Who Was Your First?

The first music artist you discovered, that is. I remember distinctly three events. As a “toddler” sneaking down to the basement to see The Beatles on Ed Sullivan. Driving down the Meadowbrook Parkway after class on a cloudy day with the top down on the MG and hearing Roxanne played on WLIR for the first time. The Band wasn’t a new artist, but when I heard them on Sirius and realized I didn’t own their music, I took a sharp right into Borders on Jericho Turnpike and bought the “Best Of” CD. Music discovery enriches our lives.

For generations, radio, retail and recommendations drove music discovery. These “3 R’s” helped to create awareness of new music; curated by DJ’s, record store staff and our closest friends. By the late aughts the discovery scene began to shift, with digital downloads and nascent streaming models taking a greater role, CD sales waning, and increasing emphasis on re-discovery of catalog music.

Fifteen years ago MusicWatch collaborated with MusicBiz (then NARM) on a comprehensive study devoted to understanding music discovery. Broadcast radio was the top source of music discovery. We implored retailers to maintain CD selection and to segment their music customers more effectively in the face of emerging digital models. Music Watch’s most recent project on music discovery, conducted during May, 2021 in collaboration with DiMA and A2IM, surveyed 1000 music listeners in the US, covering their music listening habits and topics around the discovery experience. Check out the graphic below for some stats.

We learned that, from a fan perspective, music discovery has never been stronger. More touchpoints are available to fans for music discovery, and they are using them. They believe that streaming and social media have improved discovery. Discovery is more diverse; with appetite for new and catalog songs, and new and familiar artists. Fans are activating like never before, re-listening to newly found music, and diving deeper to make a connection with the artist. Dynamic features of the music services lubricate the discovery process.

Innovation has fueled music discovery  The survey examined 35 potential sources for music discovery, asking which were helpful to music discovery. Two-thirds (63 percent) cited streaming, either audio or video services. That streaming topped the list was not necessarily a surprise. The takeaway is how many sources were considered useful. These ranged from the traditional (radio, retail, and recommendations) to emerging formats such as live streams, podcasts or smart speakers. The time we are spending watching video-on-demand helped place movies and TV shows high on the list. Artists and labels have an extensive portfolio of options for launching and promoting projects. Campaigns can be more multi-faceted than ever before, blending radio, streaming, social media, sync and other sources.

Music discovery is a highly personal experience Six out of ten music listeners experienced a music discovery moment during the prior six months. But how we experience discovery, and what we are looking for, can be highly personal. Music discovery is fragmented. It is not only about new music or emerging artists. Nearly half of respondents said they were satisfied hearing songs from their favorite artists, while 26 percent spend a lot of time seeking new songs and artists that they had not heard before. One in four “lean-in” and actively look for new music while they listen, but 44 percent are content just having new music curated for them. DSP’s have a unique opportunity to segment their subscriber base and tailor discovery experiences based on how listeners prefer to experience discovery. We see regular announcements from one streaming service or another highlighting a new innovation that seeks to target the audience that enjoys curated experiences, first pioneered by radio.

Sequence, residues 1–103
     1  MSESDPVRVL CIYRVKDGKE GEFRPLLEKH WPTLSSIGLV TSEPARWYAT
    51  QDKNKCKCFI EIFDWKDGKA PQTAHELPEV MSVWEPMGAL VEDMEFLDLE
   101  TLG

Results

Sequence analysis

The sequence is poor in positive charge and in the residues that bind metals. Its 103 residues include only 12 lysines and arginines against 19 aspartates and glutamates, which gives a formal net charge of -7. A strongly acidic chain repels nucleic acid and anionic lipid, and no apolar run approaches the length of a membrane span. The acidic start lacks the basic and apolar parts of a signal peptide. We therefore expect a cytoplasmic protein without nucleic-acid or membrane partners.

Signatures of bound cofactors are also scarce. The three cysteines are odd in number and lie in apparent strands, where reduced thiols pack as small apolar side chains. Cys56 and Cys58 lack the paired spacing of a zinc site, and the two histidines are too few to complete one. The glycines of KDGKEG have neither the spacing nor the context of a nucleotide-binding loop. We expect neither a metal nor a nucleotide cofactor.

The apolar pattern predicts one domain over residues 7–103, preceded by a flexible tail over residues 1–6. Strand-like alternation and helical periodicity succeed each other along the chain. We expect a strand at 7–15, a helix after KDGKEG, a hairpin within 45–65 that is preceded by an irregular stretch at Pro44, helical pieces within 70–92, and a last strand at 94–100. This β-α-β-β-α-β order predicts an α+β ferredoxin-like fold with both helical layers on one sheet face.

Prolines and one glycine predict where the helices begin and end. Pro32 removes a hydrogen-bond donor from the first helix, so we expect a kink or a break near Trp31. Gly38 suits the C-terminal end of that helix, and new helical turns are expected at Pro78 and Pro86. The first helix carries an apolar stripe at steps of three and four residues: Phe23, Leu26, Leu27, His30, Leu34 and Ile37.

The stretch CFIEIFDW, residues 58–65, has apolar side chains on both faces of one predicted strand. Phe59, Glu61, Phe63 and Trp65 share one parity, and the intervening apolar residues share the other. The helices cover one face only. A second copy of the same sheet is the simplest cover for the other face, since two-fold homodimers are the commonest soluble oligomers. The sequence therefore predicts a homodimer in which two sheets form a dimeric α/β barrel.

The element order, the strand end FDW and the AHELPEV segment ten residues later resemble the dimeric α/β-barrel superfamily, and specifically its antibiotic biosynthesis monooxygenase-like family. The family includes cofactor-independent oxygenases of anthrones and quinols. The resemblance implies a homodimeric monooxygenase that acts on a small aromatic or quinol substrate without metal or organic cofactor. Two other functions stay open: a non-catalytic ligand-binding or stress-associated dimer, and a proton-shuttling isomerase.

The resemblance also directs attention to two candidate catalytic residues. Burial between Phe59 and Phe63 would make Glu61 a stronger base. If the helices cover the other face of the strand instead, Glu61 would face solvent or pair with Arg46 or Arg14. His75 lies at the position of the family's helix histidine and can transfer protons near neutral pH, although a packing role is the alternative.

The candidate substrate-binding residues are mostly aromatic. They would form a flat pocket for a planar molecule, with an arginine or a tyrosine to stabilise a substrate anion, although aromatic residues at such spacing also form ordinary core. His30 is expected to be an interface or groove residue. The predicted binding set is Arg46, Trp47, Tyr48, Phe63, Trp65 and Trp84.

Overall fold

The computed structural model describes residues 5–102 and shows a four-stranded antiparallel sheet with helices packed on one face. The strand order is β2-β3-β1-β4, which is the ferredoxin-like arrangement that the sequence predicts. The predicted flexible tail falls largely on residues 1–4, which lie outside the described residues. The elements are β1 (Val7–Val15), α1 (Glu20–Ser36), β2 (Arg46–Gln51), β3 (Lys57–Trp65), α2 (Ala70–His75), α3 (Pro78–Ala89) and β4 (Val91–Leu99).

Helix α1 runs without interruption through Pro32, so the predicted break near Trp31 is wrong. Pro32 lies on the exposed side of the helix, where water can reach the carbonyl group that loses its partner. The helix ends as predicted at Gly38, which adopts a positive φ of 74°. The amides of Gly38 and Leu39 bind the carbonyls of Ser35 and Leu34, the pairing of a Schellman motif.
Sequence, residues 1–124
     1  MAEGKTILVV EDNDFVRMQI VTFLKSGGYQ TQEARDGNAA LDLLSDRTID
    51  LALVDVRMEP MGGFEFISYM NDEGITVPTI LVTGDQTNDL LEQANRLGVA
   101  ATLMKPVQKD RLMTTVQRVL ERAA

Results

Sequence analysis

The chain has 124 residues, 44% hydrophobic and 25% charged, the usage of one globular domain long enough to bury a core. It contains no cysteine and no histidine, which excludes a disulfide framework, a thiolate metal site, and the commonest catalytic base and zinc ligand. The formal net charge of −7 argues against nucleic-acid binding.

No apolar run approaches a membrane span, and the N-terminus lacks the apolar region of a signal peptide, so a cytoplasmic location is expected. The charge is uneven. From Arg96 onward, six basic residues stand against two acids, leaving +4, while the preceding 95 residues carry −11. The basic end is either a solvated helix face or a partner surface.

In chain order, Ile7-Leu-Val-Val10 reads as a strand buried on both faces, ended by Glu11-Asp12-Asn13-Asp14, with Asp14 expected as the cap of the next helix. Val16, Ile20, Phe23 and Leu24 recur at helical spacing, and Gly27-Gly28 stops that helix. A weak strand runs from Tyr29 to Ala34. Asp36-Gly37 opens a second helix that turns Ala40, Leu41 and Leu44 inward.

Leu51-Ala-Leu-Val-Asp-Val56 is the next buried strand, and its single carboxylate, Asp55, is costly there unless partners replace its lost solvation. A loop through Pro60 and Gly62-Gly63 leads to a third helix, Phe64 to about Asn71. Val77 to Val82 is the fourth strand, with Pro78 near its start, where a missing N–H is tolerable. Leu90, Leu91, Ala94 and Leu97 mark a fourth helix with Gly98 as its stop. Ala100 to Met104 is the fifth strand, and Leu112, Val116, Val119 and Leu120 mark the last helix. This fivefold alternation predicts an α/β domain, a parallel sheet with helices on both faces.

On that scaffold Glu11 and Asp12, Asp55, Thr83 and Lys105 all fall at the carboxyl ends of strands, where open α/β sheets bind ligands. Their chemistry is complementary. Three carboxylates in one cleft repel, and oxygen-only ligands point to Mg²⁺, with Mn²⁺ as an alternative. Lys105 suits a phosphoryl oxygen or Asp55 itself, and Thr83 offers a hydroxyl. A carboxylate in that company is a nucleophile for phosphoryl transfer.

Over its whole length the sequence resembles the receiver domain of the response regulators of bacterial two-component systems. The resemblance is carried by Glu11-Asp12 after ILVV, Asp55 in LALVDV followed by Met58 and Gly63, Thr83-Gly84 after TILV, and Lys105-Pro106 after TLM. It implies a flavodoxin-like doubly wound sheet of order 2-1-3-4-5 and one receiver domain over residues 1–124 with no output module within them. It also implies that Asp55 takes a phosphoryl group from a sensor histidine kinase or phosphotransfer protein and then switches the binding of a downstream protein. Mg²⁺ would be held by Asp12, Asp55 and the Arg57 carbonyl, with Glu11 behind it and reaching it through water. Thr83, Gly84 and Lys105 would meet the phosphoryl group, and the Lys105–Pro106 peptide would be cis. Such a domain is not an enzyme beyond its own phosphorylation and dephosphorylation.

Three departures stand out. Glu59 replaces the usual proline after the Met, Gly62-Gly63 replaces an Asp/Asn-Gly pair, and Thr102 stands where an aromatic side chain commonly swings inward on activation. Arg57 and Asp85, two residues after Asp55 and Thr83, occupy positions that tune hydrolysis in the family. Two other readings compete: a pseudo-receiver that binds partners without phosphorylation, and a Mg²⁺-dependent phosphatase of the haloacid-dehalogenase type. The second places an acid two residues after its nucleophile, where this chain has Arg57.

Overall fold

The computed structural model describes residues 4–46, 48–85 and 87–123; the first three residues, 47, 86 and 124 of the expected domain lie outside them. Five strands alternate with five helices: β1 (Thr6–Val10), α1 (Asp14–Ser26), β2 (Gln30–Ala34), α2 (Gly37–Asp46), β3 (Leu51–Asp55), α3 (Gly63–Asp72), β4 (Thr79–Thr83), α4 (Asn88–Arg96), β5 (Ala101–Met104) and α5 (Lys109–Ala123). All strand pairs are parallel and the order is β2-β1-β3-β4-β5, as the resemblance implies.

There are high levels of activation For discovery to have any value there must be a transaction with fans after the discovery event. The research showed that six in ten are going back to re-listen to the song that they discovered; 65 percent use an audio or video service to accomplish that.

These “re-streamers” also go deeper into the artist’s catalog, looking for lyrics, pictures or artist information. This activation can have direct financial impact for artists. Impressively, 42 percent look for tour information and 46 percent search for places to buy the music.

Streaming features supporting music discovery are highly effective  Many streamers regularly take advantage of playlist features intended to highlight new music. Half say that personalized playlists do a good job of exposing them to new music; 82 percent like the mix of old and new music they are hearing. Playing similar songs after a listener selects something was a top-rated feature for aiding discovery. Innovation in streaming features isn’t just engineering for engineering sake- fans are embracing these features in their discovery journeys.

For years, the conversation was about which music format was #1 when it came to music discovery. In retrospect that was the wrong conversation. The thinking should be about how to serve fans and help discovery to thrive. Today, streaming is the most influential source, but there are a host of other touchpoints that can help artists to promote their music and help fans to find it. Once they do find it, they are hanging on like never before.

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